Researchers built a porous, layered material that can serve as a graphene analog, and which may be a tool for storing energy and investigating the physics of unusual materials.
An electrically conductive material, with layers resembling graphene (single sheet of graphite), was synthesized under mild conditions using a well-known molecule that allows good electronic coupling of nickel ions and organic moieties. The new porous material exhibits high electrical conductivity as a bulk material that is potentially tunable and has unusual temperature dependence, suggesting new fundamental physics.
The new porous material is a crystalline, structurally tunable electrical conductor with a high surface area; such materials are sought after for applications in storing energy and for investigating the fundamental physics of layered, two-dimensional materials.
Metal-organic frameworks (MOFs) are hybrid organic-inorganic materials that have traditionally been studied for gas storage or separation applications owing to their high surface area. Making good electrical conductors out of these normally insulating materials has been a long-standing challenge, as highly porous intrinsic conductors could be used for a range of applications, including energy storage. Researchers at the Massachusetts Institute of Technology and Harvard University have demonstrated that combining an organic molecule, 2,3,6,7,10,11-hexaiminotriphenylene (abbreviated as HITP), with nickel ions in aqueous ammonia solution and air causes the self-assembly of a highly conductive porous black powder, Ni3(HITP)2.
The new material is composed of stacks of infinite two-dimensional sheets resembling graphite, with a room temperature electrical conductivity of ~40 S/cm. Conductivity of this material is comparable to that of bulk graphite and among the highest for any conducting MOFs reported to date. Moreover, the temperature dependence of conductivity shows a linear dependence between 100 K and 500 K, suggesting an unusual charge transport mechanism that has not been previously observed in any organic semiconductors, and thus remains to be investigated. In bulk form, the material could be used for supercapacitors and electrocatalysis applications. Upon exfoliation, i.e., peeling off of successive layers, the material is expected to behave as a graphene analog with tunable bandgap and electromagnetic properties, suggesting new uses and exotic quantum properties in solid-state physics.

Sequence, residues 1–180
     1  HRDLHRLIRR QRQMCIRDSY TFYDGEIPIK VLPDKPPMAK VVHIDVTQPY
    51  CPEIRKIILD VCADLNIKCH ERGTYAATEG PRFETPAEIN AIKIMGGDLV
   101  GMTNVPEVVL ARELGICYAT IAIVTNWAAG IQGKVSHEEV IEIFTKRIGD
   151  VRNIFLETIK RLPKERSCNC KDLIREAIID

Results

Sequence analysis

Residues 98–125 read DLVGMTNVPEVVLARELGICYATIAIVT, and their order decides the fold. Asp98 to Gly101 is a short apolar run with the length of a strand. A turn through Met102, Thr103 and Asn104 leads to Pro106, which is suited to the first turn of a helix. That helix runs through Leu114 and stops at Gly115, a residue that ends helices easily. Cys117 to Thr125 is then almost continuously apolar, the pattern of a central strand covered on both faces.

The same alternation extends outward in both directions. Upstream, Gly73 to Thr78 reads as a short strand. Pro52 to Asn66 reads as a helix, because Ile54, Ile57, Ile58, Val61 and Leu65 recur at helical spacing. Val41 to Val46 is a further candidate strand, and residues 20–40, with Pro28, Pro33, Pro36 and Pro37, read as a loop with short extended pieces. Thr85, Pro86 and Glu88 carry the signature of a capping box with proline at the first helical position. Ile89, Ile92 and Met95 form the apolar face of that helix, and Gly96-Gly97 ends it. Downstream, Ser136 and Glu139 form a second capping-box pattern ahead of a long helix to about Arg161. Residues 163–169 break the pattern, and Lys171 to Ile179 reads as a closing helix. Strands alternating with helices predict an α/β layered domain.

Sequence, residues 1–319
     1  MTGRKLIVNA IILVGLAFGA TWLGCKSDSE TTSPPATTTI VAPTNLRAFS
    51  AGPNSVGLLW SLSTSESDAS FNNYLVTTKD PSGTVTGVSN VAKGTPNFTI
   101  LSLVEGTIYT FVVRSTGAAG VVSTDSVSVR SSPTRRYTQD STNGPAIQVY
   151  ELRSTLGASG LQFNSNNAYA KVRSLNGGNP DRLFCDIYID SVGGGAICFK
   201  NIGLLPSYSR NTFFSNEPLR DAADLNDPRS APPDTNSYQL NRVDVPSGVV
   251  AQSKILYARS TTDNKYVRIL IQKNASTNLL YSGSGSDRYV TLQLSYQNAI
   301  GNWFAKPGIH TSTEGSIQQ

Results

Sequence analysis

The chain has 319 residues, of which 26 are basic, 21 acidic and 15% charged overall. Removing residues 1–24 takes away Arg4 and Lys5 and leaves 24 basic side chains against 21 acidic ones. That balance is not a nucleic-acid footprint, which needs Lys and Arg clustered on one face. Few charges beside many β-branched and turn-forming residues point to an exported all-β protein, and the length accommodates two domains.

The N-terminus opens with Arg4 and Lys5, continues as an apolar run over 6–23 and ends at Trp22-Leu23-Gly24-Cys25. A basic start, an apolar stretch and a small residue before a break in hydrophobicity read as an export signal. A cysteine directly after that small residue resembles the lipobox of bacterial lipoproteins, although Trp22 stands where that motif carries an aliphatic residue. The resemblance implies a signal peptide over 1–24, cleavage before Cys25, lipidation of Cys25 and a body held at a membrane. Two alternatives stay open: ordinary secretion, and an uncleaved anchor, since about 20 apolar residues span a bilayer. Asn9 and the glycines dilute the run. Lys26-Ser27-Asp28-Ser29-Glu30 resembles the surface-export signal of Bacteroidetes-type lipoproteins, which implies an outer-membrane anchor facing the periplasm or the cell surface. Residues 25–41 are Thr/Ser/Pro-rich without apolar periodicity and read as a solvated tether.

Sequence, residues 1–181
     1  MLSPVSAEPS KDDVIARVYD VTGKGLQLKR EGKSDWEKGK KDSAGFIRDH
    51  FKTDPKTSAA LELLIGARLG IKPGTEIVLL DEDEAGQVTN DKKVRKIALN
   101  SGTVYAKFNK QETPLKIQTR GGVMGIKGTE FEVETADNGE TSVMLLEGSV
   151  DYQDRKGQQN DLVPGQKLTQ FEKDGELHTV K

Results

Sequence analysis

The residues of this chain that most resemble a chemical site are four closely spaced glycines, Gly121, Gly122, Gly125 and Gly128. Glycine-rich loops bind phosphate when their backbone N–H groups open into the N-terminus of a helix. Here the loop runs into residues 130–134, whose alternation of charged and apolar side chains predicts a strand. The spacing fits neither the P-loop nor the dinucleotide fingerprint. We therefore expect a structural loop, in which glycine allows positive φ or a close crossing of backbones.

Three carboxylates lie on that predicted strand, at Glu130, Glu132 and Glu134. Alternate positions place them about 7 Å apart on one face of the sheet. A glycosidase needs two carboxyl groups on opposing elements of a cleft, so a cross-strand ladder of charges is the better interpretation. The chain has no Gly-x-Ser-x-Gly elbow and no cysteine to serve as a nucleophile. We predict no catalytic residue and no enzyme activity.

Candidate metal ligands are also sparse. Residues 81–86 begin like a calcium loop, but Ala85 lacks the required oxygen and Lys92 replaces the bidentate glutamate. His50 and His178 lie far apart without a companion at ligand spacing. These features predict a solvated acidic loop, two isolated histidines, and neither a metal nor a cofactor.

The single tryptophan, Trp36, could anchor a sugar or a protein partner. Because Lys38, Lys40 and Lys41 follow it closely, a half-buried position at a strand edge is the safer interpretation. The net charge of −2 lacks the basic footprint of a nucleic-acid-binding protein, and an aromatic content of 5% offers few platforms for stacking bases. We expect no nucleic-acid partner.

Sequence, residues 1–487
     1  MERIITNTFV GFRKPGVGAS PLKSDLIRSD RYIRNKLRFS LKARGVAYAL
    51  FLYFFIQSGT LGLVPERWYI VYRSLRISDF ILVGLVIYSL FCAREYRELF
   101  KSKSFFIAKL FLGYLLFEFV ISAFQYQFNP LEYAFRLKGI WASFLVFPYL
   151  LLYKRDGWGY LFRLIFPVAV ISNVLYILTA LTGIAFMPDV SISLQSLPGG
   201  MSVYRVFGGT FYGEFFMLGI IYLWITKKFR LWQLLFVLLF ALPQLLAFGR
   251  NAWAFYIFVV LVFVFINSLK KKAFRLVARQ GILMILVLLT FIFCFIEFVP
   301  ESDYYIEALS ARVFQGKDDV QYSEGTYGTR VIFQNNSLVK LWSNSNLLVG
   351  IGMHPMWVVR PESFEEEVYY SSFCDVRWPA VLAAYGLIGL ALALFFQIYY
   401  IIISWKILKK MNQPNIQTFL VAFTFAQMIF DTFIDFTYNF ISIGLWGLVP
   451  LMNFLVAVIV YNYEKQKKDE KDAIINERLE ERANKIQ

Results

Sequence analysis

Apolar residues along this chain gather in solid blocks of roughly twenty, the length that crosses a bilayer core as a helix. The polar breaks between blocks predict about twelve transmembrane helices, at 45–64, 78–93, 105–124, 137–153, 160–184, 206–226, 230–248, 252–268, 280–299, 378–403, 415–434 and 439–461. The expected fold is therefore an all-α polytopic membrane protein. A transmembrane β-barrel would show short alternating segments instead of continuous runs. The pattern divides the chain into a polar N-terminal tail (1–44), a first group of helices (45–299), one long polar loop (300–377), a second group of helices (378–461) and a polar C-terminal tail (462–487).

Basic Research: DOE Office of Science, Basic Energy Sciences (M.D.) and the National Science Foundation (NSF) Center for Integrated Quantum Materials (A.A.G.). Fellowship support for individuals was provided by the Sloan Foundation (M.D.), the Research Corporation for Science Advancement (Cottrell Scholar) (M.D.), 3M (MD), NSF Graduate Research Fellowship (C.K.B.), and DOE Graduate Fellowship Program (M.B.F.), International support was provided by the Fellowships for Young Energy Scientists program of the Foundation for Fundamental Research on Matter (FOM), Netherlands Organization for Scientific Research (NWO) (S.E.). DOE user facilities support included computational research at the Center for Functional Nanomaterials and x-ray absorption studies at the Advanced Photon Source. Additional characterization was supported by NSF at the Harvard Center for Nanoscale Systems and by DOE Office of Science, Basic Energy Sciences at the Center for Excitonics, an Energy Frontier Research Center.
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